Brad Garlinghouse, vice president of communications, communities and front doors at Yahoo, gave a technology preview at the Web 2.0 Summit here of a new feature planned for Yahoo Mail that seamlessly integrates instant messaging.
Garlinghouse said the reasoning behind melding instant messaging and email is to improve the overall "user experience," something which can be lacking in many so-called Web 2.0 services.
"I would argue that many Web 2.0 applications are already dead," he said. "Web 2.0 as an application is leaving tremendous value on the table for consumers and for us as businesses."
With the new feature, users will be able to see if their contacts are logged on to Yahoo Mail and easily chat with them. They will also be able to see the online status of contacts who have Yahoo Instant Messenger, chatting with them as well. Eventually, they will be able to chat with Microsoft's Windows Live Messenger users too. Yahoo and Microsoftin July.
The auto-complete function in Yahoo Mail will indicate if a contact is online, and starting a chat will be as simple as clicking once, Yahoo said. Users will also be able to easily send a copy of chat sessions to people in an e-mail and to copy e-mails into chat windows.
The embedded instant-messaging feature will be rolled out to Yahoo Mail users in the next couple of months, Garlinghouse said. Yahoo Mail already indicates to users when their Yahoo Messenger contacts are online and allows them to launch a dialog instantly, but users need to have the IM client installed.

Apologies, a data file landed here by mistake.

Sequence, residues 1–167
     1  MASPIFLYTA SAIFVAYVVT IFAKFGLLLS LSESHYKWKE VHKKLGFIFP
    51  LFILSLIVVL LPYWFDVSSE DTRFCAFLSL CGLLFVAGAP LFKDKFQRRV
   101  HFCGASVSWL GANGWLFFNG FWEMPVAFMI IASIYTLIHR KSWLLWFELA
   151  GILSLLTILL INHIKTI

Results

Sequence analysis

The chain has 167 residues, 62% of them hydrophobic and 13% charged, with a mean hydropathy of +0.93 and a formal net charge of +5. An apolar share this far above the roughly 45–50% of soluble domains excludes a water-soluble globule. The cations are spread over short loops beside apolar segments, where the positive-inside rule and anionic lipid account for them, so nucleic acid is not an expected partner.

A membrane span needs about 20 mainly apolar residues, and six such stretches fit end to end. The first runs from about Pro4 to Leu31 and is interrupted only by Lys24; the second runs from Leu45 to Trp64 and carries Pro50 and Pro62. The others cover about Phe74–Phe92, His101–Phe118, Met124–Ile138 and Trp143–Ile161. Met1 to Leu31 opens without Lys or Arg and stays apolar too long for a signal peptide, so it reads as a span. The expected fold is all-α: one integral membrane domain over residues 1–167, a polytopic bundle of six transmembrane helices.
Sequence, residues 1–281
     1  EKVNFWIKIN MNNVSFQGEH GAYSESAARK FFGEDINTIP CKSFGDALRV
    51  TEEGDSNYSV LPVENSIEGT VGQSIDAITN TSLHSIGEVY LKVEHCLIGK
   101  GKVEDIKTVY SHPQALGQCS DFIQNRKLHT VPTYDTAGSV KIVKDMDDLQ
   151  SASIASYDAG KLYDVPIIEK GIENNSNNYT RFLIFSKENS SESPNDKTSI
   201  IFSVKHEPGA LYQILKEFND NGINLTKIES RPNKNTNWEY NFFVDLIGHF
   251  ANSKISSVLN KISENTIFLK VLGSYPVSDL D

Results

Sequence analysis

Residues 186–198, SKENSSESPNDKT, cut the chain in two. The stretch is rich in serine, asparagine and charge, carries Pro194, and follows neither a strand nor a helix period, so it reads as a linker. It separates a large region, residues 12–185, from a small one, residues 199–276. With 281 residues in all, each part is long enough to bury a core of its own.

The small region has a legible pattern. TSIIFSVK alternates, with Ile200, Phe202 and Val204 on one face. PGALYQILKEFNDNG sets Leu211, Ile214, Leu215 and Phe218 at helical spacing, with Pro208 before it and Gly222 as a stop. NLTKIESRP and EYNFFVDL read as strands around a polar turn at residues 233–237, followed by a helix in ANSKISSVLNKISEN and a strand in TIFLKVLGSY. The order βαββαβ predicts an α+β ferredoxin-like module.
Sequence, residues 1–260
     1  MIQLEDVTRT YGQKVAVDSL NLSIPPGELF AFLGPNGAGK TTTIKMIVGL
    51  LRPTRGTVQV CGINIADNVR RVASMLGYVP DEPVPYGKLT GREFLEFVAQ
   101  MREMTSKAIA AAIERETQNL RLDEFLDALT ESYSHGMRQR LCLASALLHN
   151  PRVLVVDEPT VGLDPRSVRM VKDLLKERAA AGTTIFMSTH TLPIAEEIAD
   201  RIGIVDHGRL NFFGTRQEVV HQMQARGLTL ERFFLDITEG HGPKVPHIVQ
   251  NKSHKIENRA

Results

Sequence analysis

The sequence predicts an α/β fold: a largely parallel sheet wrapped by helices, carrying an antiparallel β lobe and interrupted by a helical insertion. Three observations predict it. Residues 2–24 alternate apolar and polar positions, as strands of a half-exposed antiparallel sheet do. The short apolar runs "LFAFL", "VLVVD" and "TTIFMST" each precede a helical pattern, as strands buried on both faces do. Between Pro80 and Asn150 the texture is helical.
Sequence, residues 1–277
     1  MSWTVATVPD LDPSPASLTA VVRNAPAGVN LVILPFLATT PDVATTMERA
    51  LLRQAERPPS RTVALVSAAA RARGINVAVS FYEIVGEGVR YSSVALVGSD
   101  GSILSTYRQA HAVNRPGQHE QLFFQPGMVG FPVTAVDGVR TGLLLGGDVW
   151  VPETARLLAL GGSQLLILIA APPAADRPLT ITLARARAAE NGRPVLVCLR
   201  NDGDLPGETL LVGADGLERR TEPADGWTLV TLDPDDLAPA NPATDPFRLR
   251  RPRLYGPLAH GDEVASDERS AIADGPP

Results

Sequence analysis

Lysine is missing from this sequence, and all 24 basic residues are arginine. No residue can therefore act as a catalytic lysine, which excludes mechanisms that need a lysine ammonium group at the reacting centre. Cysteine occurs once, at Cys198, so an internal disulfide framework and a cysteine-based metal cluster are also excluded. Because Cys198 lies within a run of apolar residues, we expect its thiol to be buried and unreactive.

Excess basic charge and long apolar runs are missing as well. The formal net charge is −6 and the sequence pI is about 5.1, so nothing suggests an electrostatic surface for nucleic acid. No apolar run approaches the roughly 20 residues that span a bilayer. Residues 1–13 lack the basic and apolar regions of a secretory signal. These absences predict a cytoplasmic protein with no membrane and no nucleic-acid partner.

Google Webware blog.)earlier this year, but the experience is not as integrated as the new Yahoo Mail functionality appears to be. (You can find additional commentary on the Yahoo technology on CNET's new
Neither AOL nor Microsoft has integrated chat into their e-mail programs, though Hotmail indicates when contacts who use the MSN Messenger client are online. Meanwhile, all the major instant-messaging applications are including e-mail integration.
Garlinghouse said that Web 2.0 applications should be designed for end users who aren't necessarily technically savvy.
Right now, he said, Web 2.0 applications are limited to "Silicon Valley influencers."
"The Web 2.0 experience is how to make things social, a people-centric experience," he said. "Technical specifications have never been less important to the success of a product."CNET News.com's Martin LaMonica contributed to this report.